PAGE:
New Portugal Masters winner George Coetzee has revealed the key to back-to-back victories on two different continents.
The newly-married South African captured last week’s Sunshine Tour event on his home course in Pretoria and a week later, Coetzee has captured a fifth European Tour win, and a first on European soil, with a two-stroke 16-under par success on the Dom Pedro Victoria course at Vilamoura.
“Winning on European soil for a first time was my next step for me really,” he said in posting a closing round 66.
“I have always had a list of things I wanted to achieve in my career as a golfer and originally I never thought I would get as far as winning on the European Tour, so ticking that box a while back was really nice, and then I started to realise that
“I was a bit comfortable playing back home and I needed to go to the next step and win away from home. And then I won in Mauritius, which still kind of counts as a Sunshine Tour event, so I still felt I needed to get off my continent and win something else. So really that was targeting these two events, so I am just happy that I kind of ticked the box in the right order”.
The Portugal Masters was Coetzee’s first European Tour event since contesting last March’s Qatar Masters.
He spent the lockdown at home with new wife, Carli-Jeanne and while the golf courses were also in lockdown mode, the now 34-year old found a way to keep sharp even though it did not entail leaving his home.
“The keepy uppys and the darts, yes, I was working on those mentally but the main sport I actually focused on was snooker,” he said.
“It is funny but snooker is probably the closest sport you get to golf because it is a stationary ball that you have to approach in a certain way, so I watched a lot of videos on mental stuff in snooker.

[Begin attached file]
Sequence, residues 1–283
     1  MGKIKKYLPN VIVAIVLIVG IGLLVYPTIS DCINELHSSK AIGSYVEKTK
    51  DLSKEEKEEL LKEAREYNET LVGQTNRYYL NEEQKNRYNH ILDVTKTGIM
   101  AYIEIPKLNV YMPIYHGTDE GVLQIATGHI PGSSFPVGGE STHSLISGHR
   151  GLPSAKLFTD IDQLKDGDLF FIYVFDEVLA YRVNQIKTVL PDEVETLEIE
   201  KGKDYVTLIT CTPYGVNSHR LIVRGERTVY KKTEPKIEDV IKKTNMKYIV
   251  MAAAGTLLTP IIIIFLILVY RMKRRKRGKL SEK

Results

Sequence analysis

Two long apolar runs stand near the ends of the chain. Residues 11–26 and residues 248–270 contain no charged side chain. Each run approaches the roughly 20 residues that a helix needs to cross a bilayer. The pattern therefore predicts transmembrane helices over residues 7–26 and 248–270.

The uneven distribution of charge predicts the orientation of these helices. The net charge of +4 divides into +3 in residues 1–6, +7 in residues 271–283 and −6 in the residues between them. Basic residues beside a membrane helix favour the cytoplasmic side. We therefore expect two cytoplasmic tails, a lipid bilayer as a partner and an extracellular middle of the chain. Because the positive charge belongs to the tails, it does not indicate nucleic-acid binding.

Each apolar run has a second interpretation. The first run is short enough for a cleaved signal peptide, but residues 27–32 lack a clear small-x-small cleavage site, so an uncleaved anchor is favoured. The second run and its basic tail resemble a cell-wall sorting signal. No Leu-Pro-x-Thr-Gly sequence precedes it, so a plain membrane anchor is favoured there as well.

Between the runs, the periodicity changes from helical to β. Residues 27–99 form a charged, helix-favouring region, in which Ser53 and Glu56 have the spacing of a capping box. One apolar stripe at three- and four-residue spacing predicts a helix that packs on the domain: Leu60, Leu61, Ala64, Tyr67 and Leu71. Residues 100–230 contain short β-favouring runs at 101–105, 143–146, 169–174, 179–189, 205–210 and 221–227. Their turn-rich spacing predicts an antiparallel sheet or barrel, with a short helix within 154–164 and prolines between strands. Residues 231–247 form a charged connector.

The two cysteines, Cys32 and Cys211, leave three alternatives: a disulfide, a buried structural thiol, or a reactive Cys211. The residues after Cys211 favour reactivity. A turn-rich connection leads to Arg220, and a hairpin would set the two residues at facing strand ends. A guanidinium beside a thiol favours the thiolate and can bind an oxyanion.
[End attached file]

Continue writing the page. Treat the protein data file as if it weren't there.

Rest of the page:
“I watched the World Champs live with Ronnie (O’Sullivan) winning which was unbelievable, the semi-finals were just insane, but me and my psychologist would have two hour sessions after a seven hour day of snooker, and the amount of data and information and the thought processes, because I don’t have any technical background or history in snooker, everything was based on my frame of mind and the only thing could really affect was my frame of mind.
“I can’t all of a sudden cue it better or aim it better, so it is amazing at the start of lockdown I could do a 20 break and by the end of lockdown almost made a 50 break, but I really enjoy the similarities in the sports in how you approach shots. I even got heart rate data from snooker.
“There were phases where I played really well and made a couple of nice breaks, and then phases where I made nothing, simple shots were missed, and then I could look at the heart rate data and compare that with the mental approach as well.”
While Coetzee has won 11 times on the Sunshine Tour, it had been March 2018 when he last tasted success on the European Tour and that was in capturing the co-sanctioned Tshwane Open.
And helping him get back into the winner’s circle is his work with US-based sports psychologist, Mark Wright.
“My psychologist I actually got from my old Dunhill Links partner, he is a hedge fund manager in New York, and he was telling me that he was working with a psychologist, and we just got along really well,” said Coetzee.
“His name is Adam Wright. He’s actually more from a baseball background, but I feel like me and him understand where we want to go with this.”